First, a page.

While shopping mania is in full force during the Christmas season in the United States, in Mendoza, Argentina, where it’s close to 100 degrees, things are a bit more ‘tranquilo’.

During the mornings at the enormous city park, Parque San Martin, families are huddled in the shade drinking maté. Before or after there is inevitably a trip to the pool at a nearby ‘quincho’ (think country club)  or relatives home.  But this is the normal day to day life here, so you often forget it’s the holiday season. (Handy when you’re an expat with a very close and adorable family celebrating all together up North.)

The lack of commercialism is refreshing, as is the heat. It’s better than waiting on line for hours for a parking spot at the mall, fighting with Christmas lights, and shoveling snow.

Tranquilo seems like the right type of holiday spirit to me.

I hate Sandy

Heading home to New Jersey for a short family visit / media tour, (my first after living as an expat in Argentina for roughly a year) I heard there was a tropical storm on its way, but never imagined the damage that Sandy could bring to the Northeast. After one night out in New York at an amazing Chinese restaurant with my BFF and her beau, I headed to New Jersey to stay with my parents for a week, making that my homebase before heading into NYC for some great grub, shopping, and time with friends. Little did I know the North Haledon home where I grew up would become our bunker.

With all the hype about Sandy, I was convinced it was BS – just overhype by meteorologists looking for a story. But, on Tuesday afternoon, the winds kicked in and I was convinced I was in the middle of The Wizard of Oz movie. Thankfully, the house did not blow away, and we were only left without power for 30 hours. But, with all mass transit in to New York closed and a major gas shortage, it was me + mom and dad for a week straight. I love them, but it was not the trip home I was needing, with none of my friends able to get out of their houses, and my favorite local pizza joint was closed for the entire duration of the trip. Friends I hadn’t seen in one year were as close as two miles away, but it was simply logistically impossible to see each other. Heartbreaking.

I probably sound like a horrible, selfish, ungrateful person. You try going one year without seeing your friends and family and coming home to that.

I sure hope that b*tch doesn’t visit Jersey again for Christmas.

The Luxury of Dirt

There are days when you realize nothing is as beautiful as the dirt and grit of a pickup truck and taking a bunch of friends, food, and a makeshift grill, (basically an oven rack could do) into the middle of nowhere. You spend hours cooking an asado (bbq) in the dirt, playing cards on a blanket, laughing, and drinking. Surrounded by dogs rolling around with reckless abandon, we’re all just kids playing outside.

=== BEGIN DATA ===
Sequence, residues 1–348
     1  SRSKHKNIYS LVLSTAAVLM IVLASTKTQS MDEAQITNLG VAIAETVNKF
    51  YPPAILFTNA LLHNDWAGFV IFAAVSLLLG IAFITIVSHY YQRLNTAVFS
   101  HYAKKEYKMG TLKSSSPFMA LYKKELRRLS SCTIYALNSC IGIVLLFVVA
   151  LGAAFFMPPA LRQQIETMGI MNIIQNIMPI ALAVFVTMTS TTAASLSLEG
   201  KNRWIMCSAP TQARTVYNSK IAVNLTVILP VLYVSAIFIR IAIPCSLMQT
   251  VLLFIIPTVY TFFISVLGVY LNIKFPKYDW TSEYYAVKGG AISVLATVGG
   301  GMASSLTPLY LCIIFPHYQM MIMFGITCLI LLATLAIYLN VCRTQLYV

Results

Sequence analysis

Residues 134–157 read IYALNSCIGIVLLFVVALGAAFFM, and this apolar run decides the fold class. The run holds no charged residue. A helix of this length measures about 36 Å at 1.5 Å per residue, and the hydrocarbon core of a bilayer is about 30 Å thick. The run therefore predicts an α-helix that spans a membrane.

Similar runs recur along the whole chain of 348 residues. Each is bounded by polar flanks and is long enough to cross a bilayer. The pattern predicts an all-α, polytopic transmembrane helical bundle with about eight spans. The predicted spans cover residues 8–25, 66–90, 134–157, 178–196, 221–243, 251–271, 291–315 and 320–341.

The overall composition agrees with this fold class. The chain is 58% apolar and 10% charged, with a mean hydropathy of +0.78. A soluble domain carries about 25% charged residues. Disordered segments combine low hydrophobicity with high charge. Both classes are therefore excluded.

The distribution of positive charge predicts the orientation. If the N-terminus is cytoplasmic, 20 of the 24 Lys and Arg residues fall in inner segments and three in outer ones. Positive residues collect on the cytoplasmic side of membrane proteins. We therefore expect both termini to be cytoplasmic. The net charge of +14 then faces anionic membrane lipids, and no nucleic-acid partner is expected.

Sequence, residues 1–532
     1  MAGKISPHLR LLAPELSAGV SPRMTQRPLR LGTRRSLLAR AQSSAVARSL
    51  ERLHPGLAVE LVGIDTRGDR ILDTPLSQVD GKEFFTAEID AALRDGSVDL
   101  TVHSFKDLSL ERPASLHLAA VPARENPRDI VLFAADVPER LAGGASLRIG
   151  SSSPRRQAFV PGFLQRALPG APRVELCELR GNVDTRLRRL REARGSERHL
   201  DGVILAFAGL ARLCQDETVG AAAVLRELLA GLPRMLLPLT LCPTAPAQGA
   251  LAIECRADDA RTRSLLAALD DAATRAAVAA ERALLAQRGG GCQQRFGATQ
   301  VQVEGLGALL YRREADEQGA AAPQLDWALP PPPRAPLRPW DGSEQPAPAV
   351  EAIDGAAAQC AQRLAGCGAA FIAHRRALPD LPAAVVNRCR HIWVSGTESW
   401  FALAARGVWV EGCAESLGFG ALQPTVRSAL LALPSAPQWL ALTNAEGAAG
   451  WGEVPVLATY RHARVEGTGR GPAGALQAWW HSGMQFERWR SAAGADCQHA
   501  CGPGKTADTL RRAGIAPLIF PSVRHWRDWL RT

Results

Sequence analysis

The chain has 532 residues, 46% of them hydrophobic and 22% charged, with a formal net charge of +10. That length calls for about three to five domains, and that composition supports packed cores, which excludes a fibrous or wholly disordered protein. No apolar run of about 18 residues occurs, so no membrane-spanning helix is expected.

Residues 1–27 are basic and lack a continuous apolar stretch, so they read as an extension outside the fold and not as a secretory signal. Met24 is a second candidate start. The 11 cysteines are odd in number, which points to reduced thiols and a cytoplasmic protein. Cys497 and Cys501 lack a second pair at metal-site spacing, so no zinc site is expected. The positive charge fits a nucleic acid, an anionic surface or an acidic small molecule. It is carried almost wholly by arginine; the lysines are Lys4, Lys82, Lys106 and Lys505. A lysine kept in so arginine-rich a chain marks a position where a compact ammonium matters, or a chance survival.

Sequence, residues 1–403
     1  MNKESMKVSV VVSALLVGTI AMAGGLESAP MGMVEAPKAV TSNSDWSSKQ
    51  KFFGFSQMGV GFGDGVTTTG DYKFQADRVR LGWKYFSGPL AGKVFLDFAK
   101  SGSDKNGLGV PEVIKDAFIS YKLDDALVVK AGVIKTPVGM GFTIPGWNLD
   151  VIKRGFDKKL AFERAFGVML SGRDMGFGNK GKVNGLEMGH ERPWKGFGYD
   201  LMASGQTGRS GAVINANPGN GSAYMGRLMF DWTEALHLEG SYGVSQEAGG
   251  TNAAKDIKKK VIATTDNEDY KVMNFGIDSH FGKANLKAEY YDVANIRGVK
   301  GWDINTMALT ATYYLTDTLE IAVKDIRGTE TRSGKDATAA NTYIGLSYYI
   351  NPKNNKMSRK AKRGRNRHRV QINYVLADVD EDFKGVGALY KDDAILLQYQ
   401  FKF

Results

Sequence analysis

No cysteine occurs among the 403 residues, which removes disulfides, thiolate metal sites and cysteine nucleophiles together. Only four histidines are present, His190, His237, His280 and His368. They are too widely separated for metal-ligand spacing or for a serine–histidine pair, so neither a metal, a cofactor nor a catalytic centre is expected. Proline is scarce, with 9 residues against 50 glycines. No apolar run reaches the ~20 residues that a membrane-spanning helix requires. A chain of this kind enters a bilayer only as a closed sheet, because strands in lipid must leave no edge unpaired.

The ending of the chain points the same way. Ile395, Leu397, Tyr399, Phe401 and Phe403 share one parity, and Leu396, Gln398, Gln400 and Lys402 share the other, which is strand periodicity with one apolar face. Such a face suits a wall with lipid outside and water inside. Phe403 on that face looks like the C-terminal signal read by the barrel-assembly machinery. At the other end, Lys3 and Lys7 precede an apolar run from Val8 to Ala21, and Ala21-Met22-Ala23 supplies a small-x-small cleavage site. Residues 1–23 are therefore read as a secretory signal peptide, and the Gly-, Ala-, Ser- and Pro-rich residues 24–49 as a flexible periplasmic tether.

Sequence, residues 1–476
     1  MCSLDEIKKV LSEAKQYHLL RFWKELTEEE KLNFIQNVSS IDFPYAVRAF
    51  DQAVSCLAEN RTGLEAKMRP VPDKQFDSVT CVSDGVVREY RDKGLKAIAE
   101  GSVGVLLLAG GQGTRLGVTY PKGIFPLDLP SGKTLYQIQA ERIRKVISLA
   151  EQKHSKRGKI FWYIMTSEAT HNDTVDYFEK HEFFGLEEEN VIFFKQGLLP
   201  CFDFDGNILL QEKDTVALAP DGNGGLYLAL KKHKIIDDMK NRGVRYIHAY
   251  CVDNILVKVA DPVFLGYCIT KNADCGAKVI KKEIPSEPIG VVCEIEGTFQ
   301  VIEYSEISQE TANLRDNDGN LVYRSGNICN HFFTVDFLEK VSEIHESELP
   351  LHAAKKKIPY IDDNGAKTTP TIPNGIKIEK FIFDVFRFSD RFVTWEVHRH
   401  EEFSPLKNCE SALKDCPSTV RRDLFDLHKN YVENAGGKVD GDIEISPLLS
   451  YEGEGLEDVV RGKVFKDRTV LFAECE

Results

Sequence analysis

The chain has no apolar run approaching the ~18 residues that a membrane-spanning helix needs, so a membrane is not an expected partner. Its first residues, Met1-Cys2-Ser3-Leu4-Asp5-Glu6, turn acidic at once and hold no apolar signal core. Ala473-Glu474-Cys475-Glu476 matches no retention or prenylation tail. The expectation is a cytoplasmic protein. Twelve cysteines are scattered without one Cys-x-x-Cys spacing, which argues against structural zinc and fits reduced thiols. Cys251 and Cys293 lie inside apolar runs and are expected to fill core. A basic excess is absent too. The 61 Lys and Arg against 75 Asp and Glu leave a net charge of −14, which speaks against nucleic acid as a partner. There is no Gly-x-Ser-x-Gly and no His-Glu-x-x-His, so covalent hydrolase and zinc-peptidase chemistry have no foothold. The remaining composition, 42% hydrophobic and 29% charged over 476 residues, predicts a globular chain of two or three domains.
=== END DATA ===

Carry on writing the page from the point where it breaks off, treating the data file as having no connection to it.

In Mendoza dirt surrounds you. It is after all a desert — and this gritty beauty is the secret behind Mendoza’s great wine producing terroir and alluvial soil. The dust in the air during the whipping wind of a ‘zonda’ or during the universal morning sweep of the sidewalks is perpetual. Love it and embrace the adventure. Let yourself go and roll around in it like a pup. After all it’s the grit in life that produces the ‘diamond’ experiences.  

Running on Empty

Managing working out and play as an expat in Mendoza, Argentina.

Keeping up a consistent workout schedule, not to mention marathon training schedule, is a bit difficult in Mendoza – particularly if you want a social life. If you told me I would be dancing until at least 5 a.m. in clubs in Argentina at 36 years old, and trying to fit in a healthy running schedule on the side, I would never believe you.

Truth is, the dance club actually doesn’t happen more than twice per year, and due to health issues, the marathon training doesn’t either – but I still do try to keep up the habits.

Charm

ImageBeing an expat brings you down to size a bit. You don’t know the language, you live in an odd environment, and for me, a small town lifestyle I’m not accustomed to.

Coming from living in New Jersey and working in New York City it seems kind of inane, yet logical that people are fascinated by you and always talking about you. That is the norm in Mendoza. Tri-state area people (those from NY/NJ/CT) work, have dinner, and have a few drinks like the rest of the world. We don’t care about the people at the next table; we frankly don’t have time to. In a way that’s a shame.

The way that Argentineans care just a bit more is kind of sweet.

One Evening in Mendoza

An evening out in Mendoza is often a bit more like a morning out. A crazy wonderful train wreck of a morning. This Friday, along with some gringo friends who are quickly acclimating, I ventured out to a casual lomo dinner at Don Claudio at midnight. Following, the plan was to go dancing at Black Jagger at Arena Maipu.

Dinner, at a cafeteria table, on red metal chairs with wire webbing was the backdrop for our pre-clubbing meal. With a fire burning inside almost literally on the floor the very unassuming establishment, and soft porn by U.S. standards playing on the television, we drank wine out of orange juice glasses and prepared our stomachs for the long evening ahead.

After finishing the greasy deliciousness of the lomo, we found a cab marked “libre” and were on our way to have a pre-club Fernet and Coke – the cocktail of choice in Mendoza.

Twenty minutes later we were at the casino in a tremendous line (no one does lines longer than Argentina) and as is custom, budged ahead where we could, eventually making our way in thanks to the “naïve gringo” card.

And then we were in a packed club with Argentine/Brazilian music. There may be skirts shorter and tighter than in Mendoza, but I have never seen them. And there is a tremendous love of leopard. TREMENDOUS.  Add to this a female to male ratio that seems to be 500 to 1. (Disclaimer: It’s probably actually 6:1). Men hear live a happy life, as you might imagine.

There was dancing. Until 6 a.m. As is the norm in Mendoza. And so we danced, and vowed to stay up until sunrise (8:15 a.m. here) … and proceeded to fall asleep at 8:00 a.m.  And woke up at 2:00 p.m. on Sunday.